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iPod Touch: Music Player or Phone-without-a-phone?
Jan 2009

iPod Touch: Music Player or Phone-without-a-phone?

I was completely blown away when I first played around with an iPhone. However, with no desire to subscribe to a 3-year contract, I was relieved to hear that the iPod touch provided the same interface and similar functionality without any monthly services; an iPhone-without-the-phone, so to speak.

While the iPod Touch allows me to connect to my home wi-fi network and play with its supreme functionality, I can’t escape the feeling that Apple forgot to ensure a music listening experience which meets the same high standards. As a company focused on innovative user interfaces, anyone at Apple should have cringed when they read that.

Both of the problems detected involve a failure to capture a music lover’s flow of needs. Here, I would define music lover as anyone who is very particular about music, with urges to hear specific songs and an inability to sit through any song they are not in the mood for. The iPod touch runs into problems with the music lover’s experience when it is resting in the user’s pocket with a music library playing at random. I have identified two specific problems here:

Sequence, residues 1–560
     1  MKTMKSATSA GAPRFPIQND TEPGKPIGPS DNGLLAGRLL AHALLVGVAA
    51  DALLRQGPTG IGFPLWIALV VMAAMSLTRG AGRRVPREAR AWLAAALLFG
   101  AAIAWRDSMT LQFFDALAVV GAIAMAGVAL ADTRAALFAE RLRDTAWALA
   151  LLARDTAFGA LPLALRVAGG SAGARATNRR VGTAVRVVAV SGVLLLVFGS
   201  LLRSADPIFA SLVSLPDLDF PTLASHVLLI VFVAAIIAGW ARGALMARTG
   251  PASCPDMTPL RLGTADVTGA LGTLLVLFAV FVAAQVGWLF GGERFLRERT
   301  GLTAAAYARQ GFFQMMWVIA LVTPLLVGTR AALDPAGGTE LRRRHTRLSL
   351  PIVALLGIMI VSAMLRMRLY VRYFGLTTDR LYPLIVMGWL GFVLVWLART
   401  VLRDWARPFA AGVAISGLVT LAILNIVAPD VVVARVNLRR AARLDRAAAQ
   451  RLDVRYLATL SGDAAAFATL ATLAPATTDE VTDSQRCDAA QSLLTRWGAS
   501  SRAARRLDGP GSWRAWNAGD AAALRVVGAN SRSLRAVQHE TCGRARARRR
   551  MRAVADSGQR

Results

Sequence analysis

1.  Since I have 6 gigabytes of music randomly thrown into my ears as I walk the streets, it’s inevitable that a song which is inappropriate for the current moment will come on.

With my iPod Touch, I am forced to pull out the device, push a button to activate the screen display, swipe my finger on a slider displayed on the screen to remove the ‘hold’ feature, and finally push the ‘next song’ indicator displayed on the screen. This is not only a more complex user interaction involving both haptic and visual interaction, but pulling out the device itself is also very frustrating when you’re forced to take off your gloves and unbutton your jacket because you’re outside in Montreal when its -30C. Maybe it’s time for Steve Jobs to visit a cold climate!  This problem can only be solved with an external remote which must be purchased separately.

Contrast this to my iPod Shuffle, where i could feel the surface of the player through the fabric of my pocket, hold down the play button to remove the ‘hold’ feature, feel the simple circular button interface and skip the song. I didn’t have to take the iPod out, put my hand in my pocket, or buy an external remote to get the job done. Oh, and did I forget to mention that it was only $40 when I bought it used from the owner of a Depanneur on Sherbrooke St?

2.  I also noticed a second problem when listening to music at random with the iPod Touch in my pocket.  When a song comes on, often I will be inspired to listen to a different, related song. For instance, my randomized playlist might give me “Shoo Shoo Boogie Boo” by Big Joe Turner. I might decide that I’d rather hear “Shake, Rattle and Roll” by Big Joe.

On the iPod Touch interface, there are convenient features which allow me to browse songs from the same album/artist; however, when I select one of these songs, it is impossible to instruct the device to resume my random playlist when the song finishes. I am forced to wait until the song is over to perform this function, forcing me to either hold on to my iPod until the song finishes, or take it out of my pocket again 5 minutes later.